Unions halting operations at all LNG terminals in France; Gazprom requests 42.4 mcm for transit via Ukraine
MOSCOW. March 7 (Interfax) - Unions have begun halting operations at all four LNG terminals in France in order to protest pension reform in the country, with three Elengy facilities ceasing operations for a week, and the Fluxys terminal shutting down for two days, according to the local press.
France is Europe's largest buyer and receiver of LNG at 27% of all imports to the region. The country's terminals sent 117 million cubic meters of gas per day to the transmission system during the first five days of March.
Extracting gas from underground gas storage (UGS) facilities could theoretically offset the shutdown at the receiving terminals, as technical capacities allow for possibly covering the decreased volumes. However, France currently has some of the lowest reserves in UGS facilities at below 38%, with only Latvia having fewer reserves in Europe.
Gas flows from neighboring countries could also offset the shortage in the system, though this would likely affect prices on the spot market.
Moreover, the Interconnector gas pipeline halted operations this past weekend resulting from a breakdown in equipment at the LNG terminal in Bacton, UK.
The Gas Transport System Operator of Ukraine, or GTSOU, has accepted a booking from Gazprom today to transport 42.4 million cubic meters of gas through the country, and the figure was 41.5 mcm of gas the previous day, data from the GTSOU show.
Capacity was requested only through one of two entry points into Ukraine's Gas Transport System, the Sudzha metering station. A request was not accepted through the Sokhranovka metering station.
"Gazprom is supplying Russian gas for transit through the territory of Ukraine at the volume confirmed by the Ukraine side via the Sudzha metering station at 42.4 mcm on March 7, with booking via the Sokhranovka metering station declined," Gazprom spokesman Sergei Kupriyanov told reporters.
The GTSOU has declared a force majeure with respect to acceptance of gas for transit through Sokhranovka, claiming that it cannot control the Novopskov compressor station. The route through Sokhranovka had provided transit of more than 30 mcm of gas per day.
Gazprom believes that there are no grounds for the force majeure or obstacles to continuing operations as before.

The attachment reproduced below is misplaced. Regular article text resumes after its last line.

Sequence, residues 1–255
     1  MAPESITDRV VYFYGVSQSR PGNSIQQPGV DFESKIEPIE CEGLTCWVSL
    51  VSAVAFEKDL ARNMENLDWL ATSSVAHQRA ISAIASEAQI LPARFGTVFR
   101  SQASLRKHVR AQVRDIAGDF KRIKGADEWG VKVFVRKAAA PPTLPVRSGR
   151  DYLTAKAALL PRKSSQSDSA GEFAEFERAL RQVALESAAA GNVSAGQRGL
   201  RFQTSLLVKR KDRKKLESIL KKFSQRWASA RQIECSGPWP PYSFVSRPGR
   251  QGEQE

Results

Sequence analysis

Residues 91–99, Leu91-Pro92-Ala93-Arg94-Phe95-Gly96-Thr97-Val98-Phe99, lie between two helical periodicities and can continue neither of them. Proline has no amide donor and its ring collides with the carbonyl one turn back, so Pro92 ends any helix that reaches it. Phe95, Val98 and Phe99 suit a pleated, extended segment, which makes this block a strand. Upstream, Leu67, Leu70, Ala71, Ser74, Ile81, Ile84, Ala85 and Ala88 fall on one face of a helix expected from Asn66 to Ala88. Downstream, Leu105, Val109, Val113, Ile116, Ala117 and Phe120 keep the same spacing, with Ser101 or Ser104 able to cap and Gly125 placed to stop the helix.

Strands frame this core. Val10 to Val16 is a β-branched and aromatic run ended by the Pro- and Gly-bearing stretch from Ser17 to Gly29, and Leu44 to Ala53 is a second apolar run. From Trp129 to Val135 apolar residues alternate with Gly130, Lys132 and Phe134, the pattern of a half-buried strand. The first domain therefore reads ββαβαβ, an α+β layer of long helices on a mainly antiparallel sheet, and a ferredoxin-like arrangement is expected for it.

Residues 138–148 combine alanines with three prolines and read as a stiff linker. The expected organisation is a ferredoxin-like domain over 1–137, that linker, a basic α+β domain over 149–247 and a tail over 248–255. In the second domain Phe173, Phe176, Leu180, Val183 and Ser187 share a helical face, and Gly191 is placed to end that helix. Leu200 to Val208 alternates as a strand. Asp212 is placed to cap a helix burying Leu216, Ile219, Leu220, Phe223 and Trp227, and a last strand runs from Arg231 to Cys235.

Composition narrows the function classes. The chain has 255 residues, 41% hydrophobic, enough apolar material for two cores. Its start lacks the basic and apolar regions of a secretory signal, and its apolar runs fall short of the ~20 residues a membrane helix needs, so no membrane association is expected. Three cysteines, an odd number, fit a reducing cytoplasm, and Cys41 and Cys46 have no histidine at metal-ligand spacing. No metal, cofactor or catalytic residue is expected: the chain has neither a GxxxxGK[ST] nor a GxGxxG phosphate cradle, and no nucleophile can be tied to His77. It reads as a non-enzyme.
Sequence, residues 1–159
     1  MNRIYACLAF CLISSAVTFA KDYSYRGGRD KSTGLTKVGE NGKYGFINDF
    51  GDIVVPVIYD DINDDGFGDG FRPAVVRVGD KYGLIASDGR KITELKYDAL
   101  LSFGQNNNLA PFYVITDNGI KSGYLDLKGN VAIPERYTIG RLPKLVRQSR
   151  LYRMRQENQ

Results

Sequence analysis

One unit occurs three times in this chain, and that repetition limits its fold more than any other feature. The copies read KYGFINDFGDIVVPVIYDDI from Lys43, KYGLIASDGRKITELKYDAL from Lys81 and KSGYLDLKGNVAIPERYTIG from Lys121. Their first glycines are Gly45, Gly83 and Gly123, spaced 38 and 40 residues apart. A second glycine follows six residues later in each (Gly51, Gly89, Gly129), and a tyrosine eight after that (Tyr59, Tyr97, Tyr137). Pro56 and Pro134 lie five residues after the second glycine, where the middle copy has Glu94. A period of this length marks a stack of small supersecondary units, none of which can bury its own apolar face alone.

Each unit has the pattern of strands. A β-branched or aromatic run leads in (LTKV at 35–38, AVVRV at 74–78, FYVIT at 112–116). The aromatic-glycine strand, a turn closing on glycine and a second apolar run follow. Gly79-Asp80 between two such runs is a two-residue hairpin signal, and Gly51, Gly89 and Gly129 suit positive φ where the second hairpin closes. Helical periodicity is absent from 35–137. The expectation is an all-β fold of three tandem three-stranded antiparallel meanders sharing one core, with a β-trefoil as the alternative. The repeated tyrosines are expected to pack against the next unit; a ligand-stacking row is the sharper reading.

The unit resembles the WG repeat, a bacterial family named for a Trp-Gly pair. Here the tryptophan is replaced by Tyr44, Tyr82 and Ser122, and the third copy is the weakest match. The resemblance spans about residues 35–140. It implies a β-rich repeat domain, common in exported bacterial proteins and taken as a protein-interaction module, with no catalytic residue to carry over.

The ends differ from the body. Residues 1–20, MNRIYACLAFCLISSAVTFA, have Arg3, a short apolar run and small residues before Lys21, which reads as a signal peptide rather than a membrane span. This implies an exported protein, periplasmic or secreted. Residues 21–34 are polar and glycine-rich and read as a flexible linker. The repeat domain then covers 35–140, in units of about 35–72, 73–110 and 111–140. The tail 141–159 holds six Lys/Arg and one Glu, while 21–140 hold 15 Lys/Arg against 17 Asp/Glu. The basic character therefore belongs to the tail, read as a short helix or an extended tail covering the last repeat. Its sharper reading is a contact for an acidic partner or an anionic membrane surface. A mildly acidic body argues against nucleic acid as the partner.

The day-ahead contract for today at the Dutch TTF gas hub in the Netherlands closed at $484 per thousand cubic meters.
A split between LNG prices in Asia and those in Europe has noticeably returned. In Asia, the most expensive futures contract for April on the JKM Platts index is $510 per thousand cubic meters, and futures under the LNG North-West Europe Marker are $471 per thousand cubic meters.
Wind turbines provided 13% of the region's electricity needs last week, dipping to 10.8% on Monday, and the figure was 16% two weeks ago, according to WindEurope.
The Interconnector gas pipeline halted operations this past weekend resulting from a breakdown in equipment at the LNG terminal in Bacton, UK. Gas deliveries through the pipeline gradually decreased from March 1 and completely stopped on March 4, and technicians have promised to remedy the matter by morning on March 8. The UK has a developed system of receiving terminals, and LNG regasified at the terminals is re-exported to the continent. One billion cubic meters of gas were pumped through Interconnector to Europe in February at about 38 million cubic meters per day.
Current inventory levels in Europe's underground gas storage (UGS) facilities have declined to 58.93%, which is 21 percentage points above the average for the same date over the past five years, according to Gas Infrastructure Europe.
Inventories contracted 0.33 percentage point during the gas day for March 5, during the weekend, when demand typically declines. The weather forecast calls for slightly colder temperatures this week, resulting in increased offtake from UGS facilities.
The relatively mild weather in October, November and January, in addition to the continent's austerity measures, have resulted in the level of inventories in UGS facilities being at an all-time high for this time of year since monitoring began, thereby underpinning the authorities' confidence in getting through the winter in good shape.
European LNG terminals operated at 63% capacity in February, and the figure has been 74% since the start of March.
The state of gas in UGS facilities in the United States is of increasing importance for the global market, and the country is actively increasing gas exports, primarily to Europe.
Inventories decreased 2.3 billion cubic meters for the latest reporting week ending February 24, 2023, which is 33.3% less than the usual offtake for this time of the year.
The current level of inventories is around 44%, which is 19 percentage points higher than the average figure for the past five years, according to the U.S. Energy Department's Energy Information Administration. The current level of inventories is close to the highest figure for the past five years.
Freeport LNG, the United States' largest LNG plant, has announced reopening two of its three liquefaction lines, thereby reducing the excess gas on the U.S. market and boosting supplies of LNG to the global market.